The International Day of Radiology #IDoR2021 is celebrated on November 8 with the aim of building greater awareness of the value that radiology contributes to safe patient care and improving public understanding of the vital role radiologists and radiographers play in the healthcare continuum. In 2021, the International Day of Radiology is dedicated to Interventional Radiology and its essential role in treating patients.

As the world continues to face the challenges posed by COVID-19, it is extremely important to acknowledge the key role that medical imaging has in medicine, not only during unforeseen circumstances such as the pandemic, but also on a daily basis in all areas of patient care. Interventional radiology is a unique and growing sub-specialty that helps and protects patients each and every day.

What can you do?

  • Follow our social media accounts on Twitter and LinkedIn. We partnered with the Cardiovascular and Interventional Radiological Society of Europe (CIRSE) and the Society of Interventional Radiology (SIR) to share educational resources and information about the Interventional Radiology and to raise awareness about the benefits of minimally invasive treatments with patients, healthcare professionals, decisions makers, and the public at large. Check out our CAIR Initiative on the website for related content and share with your network!
  • NEW! We will be creating member profiles to feature on our website and in our CAIR Express – let us know why you chose Interventional Radiology, what a typical day looks like, what are the most challenging and rewarding aspects of caring for patients and anything you’d like to share with our editors by emailing us at

Why Interventional Radiology?

Dr. Ani Mirakhur, FRCPC (DR), FRCPC(IR), Calgary, AB

How did I become an IR?

I was first exposed to interventional radiology in my second year of medical school during a gastroenterology observership. The GI attending asked me to follow his bleeding patient (after a failed endoscopy) to IR for an embolization. I was hooked! I was fortunate enough to land a good residency and an excellent fellowship program and I have been in practice for over 5 years now.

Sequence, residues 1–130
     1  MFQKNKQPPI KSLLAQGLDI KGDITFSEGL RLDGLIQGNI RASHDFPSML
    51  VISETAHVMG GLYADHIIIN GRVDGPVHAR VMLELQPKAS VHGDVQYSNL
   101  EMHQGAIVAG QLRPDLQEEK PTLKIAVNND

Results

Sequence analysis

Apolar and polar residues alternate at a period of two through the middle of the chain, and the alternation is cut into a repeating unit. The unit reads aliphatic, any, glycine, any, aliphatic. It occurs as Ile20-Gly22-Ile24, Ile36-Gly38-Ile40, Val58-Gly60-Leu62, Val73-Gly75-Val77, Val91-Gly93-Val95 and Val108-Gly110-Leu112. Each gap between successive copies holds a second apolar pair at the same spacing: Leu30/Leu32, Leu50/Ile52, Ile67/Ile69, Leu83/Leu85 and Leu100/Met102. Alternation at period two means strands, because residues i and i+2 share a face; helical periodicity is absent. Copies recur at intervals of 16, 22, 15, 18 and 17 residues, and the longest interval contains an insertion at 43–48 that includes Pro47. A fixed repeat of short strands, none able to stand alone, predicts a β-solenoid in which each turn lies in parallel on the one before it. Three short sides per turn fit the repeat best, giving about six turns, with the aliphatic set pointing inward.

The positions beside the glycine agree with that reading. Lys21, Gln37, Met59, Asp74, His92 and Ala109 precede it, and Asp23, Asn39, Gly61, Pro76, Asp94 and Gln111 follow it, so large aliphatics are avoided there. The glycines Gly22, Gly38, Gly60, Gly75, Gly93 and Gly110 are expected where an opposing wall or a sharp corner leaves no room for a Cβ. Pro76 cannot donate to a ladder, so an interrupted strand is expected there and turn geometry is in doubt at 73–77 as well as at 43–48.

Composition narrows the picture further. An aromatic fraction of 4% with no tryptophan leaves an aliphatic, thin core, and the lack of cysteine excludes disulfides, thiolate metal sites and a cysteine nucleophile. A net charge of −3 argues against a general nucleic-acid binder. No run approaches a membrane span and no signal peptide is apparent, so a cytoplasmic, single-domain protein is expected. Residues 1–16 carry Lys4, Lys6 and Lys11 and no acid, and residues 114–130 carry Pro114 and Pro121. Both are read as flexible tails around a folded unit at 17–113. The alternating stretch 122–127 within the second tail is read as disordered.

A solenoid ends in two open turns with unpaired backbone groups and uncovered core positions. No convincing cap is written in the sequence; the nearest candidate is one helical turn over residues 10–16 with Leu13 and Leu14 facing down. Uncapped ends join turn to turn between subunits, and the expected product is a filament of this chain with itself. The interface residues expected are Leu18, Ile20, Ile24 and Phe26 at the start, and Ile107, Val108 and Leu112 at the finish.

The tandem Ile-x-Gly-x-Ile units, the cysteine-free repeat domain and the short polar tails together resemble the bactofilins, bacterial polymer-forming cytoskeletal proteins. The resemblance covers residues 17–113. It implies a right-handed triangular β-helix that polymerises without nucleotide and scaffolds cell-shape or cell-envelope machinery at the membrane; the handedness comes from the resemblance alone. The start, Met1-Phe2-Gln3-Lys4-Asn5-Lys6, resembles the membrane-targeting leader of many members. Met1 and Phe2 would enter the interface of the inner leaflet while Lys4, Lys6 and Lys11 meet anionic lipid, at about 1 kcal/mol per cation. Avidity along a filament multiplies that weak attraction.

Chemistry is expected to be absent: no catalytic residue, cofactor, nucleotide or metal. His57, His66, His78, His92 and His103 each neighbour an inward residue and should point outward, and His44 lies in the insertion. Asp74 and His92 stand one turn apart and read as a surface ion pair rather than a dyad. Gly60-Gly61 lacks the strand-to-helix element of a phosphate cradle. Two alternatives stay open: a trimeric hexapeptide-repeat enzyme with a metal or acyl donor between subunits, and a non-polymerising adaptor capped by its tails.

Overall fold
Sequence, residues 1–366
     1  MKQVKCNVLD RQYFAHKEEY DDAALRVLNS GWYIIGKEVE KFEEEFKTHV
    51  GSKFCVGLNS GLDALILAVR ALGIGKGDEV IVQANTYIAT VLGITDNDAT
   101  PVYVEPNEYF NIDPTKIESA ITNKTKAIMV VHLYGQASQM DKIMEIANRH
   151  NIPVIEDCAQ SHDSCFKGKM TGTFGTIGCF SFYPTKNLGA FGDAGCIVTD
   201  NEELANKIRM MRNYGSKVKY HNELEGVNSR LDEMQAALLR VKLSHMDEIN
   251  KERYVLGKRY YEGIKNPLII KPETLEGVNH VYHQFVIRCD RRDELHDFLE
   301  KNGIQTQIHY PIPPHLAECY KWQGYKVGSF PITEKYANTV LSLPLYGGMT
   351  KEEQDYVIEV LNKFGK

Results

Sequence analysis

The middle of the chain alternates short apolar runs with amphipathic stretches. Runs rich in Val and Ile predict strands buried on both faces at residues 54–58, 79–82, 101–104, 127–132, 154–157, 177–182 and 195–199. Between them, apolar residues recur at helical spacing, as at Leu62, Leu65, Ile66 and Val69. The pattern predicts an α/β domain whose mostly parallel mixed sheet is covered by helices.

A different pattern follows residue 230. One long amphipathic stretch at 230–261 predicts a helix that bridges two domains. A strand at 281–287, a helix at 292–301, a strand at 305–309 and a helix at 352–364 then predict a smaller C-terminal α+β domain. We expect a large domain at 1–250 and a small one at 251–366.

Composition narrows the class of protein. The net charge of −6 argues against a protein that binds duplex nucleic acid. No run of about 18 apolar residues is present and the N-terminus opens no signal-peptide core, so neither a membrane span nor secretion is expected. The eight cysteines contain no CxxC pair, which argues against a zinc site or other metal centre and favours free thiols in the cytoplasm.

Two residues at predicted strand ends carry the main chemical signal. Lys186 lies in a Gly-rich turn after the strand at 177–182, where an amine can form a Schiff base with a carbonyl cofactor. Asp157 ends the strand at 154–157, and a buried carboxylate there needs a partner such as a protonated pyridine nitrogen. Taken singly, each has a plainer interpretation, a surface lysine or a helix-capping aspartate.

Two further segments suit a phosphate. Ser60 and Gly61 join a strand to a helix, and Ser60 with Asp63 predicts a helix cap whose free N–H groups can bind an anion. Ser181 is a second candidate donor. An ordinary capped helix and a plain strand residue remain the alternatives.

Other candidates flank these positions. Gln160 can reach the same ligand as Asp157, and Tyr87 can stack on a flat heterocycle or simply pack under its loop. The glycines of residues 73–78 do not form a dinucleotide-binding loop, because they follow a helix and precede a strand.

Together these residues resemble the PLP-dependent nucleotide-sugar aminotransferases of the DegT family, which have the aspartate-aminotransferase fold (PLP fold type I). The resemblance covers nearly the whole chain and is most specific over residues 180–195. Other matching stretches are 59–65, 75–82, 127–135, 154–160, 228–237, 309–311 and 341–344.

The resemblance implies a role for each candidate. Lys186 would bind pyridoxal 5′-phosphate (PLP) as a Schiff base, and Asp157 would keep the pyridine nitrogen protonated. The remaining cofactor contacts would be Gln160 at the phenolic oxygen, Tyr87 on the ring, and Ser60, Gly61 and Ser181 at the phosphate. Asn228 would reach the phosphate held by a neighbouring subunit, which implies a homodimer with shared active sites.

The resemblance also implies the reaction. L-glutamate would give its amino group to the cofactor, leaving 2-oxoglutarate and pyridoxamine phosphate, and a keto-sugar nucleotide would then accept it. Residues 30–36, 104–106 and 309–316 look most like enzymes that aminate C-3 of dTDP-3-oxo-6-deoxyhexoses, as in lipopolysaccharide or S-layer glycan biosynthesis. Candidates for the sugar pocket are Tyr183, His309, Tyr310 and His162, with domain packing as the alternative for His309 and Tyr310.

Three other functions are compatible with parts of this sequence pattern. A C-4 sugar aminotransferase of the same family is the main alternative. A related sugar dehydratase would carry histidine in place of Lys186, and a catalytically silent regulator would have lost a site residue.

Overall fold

Why I love practicing as an IR?

Diversity of disease and organ-systems:

Each day I work with a diverse group of patients and physicians. Some days are filled with complex PAD interventions (SAFARIs, DVAs, thrombolysis, etc), organ-sparing visceral aneurysm treatment , fenestrated EVARs (with vascular surgery colleagues) and dialysis interventions. On other days, I treat vascular malformations, do VTE interventions as well as PAVM, prostate, varicocele, pelvic congestion and uterine embolizations. And not to mention, bread and butter IR including venous access, drainages, biopsies and emergent embos/TIPS for bleeding patients. In my experience, very few specialists work with as broad an array of anatomy, and disease as an IR.

Diversity of practice environment:

As IRs, most of us are excited by the prospect of performing life-saving procedures in very sick patients. On the other hand, outpatient interventions to improve a patient’s quality of life can also be fulfilling.  IR is one of the very few specialties, where the practitioner can obtain a balanced exposure to both the acute care and outpatient worlds.

Innovation and collaboration:

IR, in many ways, is the wild west of medicine. You learn a core set of skills and can repurpose your skillset to solve any number of problems in real time.  There are tons of opportunities for academic research and/or working with industry. I personally have had opportunities to work with colleagues from other specialties as well as industry, on projects related to device and procedure development.

Dr. Brad Hnatiuk, FRCPC(DR), FRCPC(IR), Edmonton, AB & family

IR is the perfect combination of image interpretation, hands-on skills, and patient interaction.  Most patients are extremely happy after a minimal invasive procedure that can often greatly improve a patient’s quality of life.  This positive feedback can result in great job satisfaction.  As IRs, we are considered an integral part of many clinical pathways in Edmonton.  These are a few of the reasons why I love being an interventional radiologist.